To connect with your consumer your messaging and brand statements must be authentic and deliver on their brand promise. Failure to do so causes conflict with your customer, and continued conflict may cause your consumer to loose brand loyalty and leave. So be sure everyone in your organization understands your brand strategies and statements, and fulfills those commitments on a daily basis everywhere the consumer touches or is influenced by your brand story and integrity. Branded content MUST be Authentic…or you will not sustain strong customer confidence.
Gannett VP: Branded Content Must Be Authentic … Or Else
by Giselle Abramovich
Senior & Strategic Editor
Early last month Kelly Andresen joined Gannett, owner of USA Today and other media brands, as vice president of branded content.
- Content marketing is not easy–because it is actually storytelling at its core–which is very different from traditional marketing and advertising.
- Great branded content needs to tell an authentic story and provide educational or entertainment value to the audience.
- As brands, agencies, and publishers gain more experience in the field, quantifying success will improve over time.
Andresen has more than 14 years of experience in advertising and marketing. Prior to joining Gannett, she was director, WP BrandStudio & Planning, at The Washington Post, where she led two teams dedicated to creating new advertising revenue across print, desktop, video, mobile, and social. In this role, Andresen oversaw the launch of WP BrandConnect, the Post’s native advertising solution, and the WP BrandStudio, an in-house custom content creation and strategy team.
In her new role at Gannett, Andresen will focus on expanding the company’s branded content efforts in mobile, video, data visualization, and virtual reality. CMO.com caught up with Andresen for her take on whether brands truly understand content marketing and the challenge of quantifying success.
CMO.com: What’s your mandate at Gannett?
Andresen: I have an amazing opportunity to build out a branded content team and solution that will run natively across Gannett properties. We are really focusing on developing the next-generation of branded content and thus are excited about some virtual reality opportunities currently in the works.
CMO.com: From your experience dealing with brands at The Washington Post, and now at Gannett, do brands “get” content?
Andresen: Content marketing is not easy–because it is actually storytelling at its core–which is very different from traditional marketing and advertising. Those brands that have figured this out, taken risks to try new approaches to telling their story, and have found ways to thoughtfully distribute those stories are producing some great work.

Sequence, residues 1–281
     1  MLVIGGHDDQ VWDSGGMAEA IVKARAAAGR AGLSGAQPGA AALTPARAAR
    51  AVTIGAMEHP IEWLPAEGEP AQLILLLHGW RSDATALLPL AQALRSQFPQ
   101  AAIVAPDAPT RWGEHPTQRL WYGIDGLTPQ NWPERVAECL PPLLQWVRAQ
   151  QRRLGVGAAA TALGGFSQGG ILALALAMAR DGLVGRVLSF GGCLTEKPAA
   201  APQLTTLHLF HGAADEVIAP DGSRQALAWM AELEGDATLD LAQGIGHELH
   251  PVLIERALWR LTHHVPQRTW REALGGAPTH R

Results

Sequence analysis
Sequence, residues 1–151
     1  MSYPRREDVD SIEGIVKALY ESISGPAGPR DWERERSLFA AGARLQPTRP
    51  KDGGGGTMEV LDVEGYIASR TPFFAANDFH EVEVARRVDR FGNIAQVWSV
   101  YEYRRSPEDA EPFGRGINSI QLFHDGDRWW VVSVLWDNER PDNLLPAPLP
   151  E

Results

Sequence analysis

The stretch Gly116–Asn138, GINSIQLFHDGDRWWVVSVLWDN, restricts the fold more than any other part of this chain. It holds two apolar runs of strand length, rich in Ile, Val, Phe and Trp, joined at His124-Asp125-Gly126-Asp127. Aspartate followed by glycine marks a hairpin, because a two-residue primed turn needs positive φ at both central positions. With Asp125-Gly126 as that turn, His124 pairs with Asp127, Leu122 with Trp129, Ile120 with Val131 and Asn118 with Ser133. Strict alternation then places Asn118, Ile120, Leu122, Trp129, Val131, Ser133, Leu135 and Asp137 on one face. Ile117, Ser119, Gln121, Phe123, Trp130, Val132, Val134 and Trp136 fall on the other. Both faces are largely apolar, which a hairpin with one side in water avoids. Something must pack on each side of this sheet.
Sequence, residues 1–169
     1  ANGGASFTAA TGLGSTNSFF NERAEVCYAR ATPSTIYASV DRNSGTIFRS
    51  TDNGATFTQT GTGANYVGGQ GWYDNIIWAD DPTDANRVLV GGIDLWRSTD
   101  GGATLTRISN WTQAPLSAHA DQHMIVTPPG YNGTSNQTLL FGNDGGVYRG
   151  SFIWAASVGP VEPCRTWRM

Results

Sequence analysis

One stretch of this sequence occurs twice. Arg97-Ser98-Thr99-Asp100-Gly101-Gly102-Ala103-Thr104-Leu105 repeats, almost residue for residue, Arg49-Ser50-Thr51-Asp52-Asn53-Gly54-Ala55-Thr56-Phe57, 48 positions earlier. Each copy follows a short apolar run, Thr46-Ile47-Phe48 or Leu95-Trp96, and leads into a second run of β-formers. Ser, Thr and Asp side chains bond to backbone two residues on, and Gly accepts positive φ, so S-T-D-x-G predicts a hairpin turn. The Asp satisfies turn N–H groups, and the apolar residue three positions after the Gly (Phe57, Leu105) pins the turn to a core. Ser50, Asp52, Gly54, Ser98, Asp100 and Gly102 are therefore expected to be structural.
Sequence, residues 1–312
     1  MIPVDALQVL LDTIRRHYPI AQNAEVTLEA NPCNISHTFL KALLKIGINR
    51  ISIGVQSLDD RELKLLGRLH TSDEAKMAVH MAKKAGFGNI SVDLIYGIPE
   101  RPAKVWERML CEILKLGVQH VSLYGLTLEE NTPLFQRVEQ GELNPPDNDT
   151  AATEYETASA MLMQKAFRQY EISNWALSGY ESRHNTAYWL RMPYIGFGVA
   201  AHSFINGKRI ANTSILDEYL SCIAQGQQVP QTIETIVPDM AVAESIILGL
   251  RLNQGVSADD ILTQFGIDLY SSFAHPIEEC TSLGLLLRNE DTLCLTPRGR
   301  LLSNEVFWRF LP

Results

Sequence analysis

CMO.com: What are the key ingredients of great branded content?
Andresen: I think the recipe is actually quite simple. Of course, often times the simplest things are the hardest to execute. Great branded content needs to tell an authentic story and provide educational or entertainment value to the audience.
CMO.com: What’s your ultimate goal in your new role?
Andresen: We want to build a solution and a process that takes advantage of all of Gannett’s strengths and makes it easy on brands. Content marketing can be hard, so we want to make the process as turnkey and easy to implement and measure as possible.
CMO.com: What metrics are most effective to use to evaluate the effectiveness of branded content?
Andresen: That depends on what the brand is looking to achieve through its content marketing efforts. It is critical to determine this before running a branded content campaign. I find most brands are looking to improve awareness, consideration, or overall image, and, therefore, a combination of engagement metrics are most effective, including total page views, video completion rates, average time spent, and social shares.
CMO.com: What is the biggest challenge today from a branded content perspective? What’s the key to addressing this challenge?
Andresen: How do brands know if a branded content campaign worked? It remains difficult to define success and learn how to replicate it [because] the industry lacks uniform metrics and benchmarks. This will be difficult to solve completely due to the nature of native advertising–i.e., since the content should match the form and function of the environment it appears in, metrics across sites should not be compared. However, I do think as brands, agencies, and publishers gain more experience in the field, quantifying success will improve over time.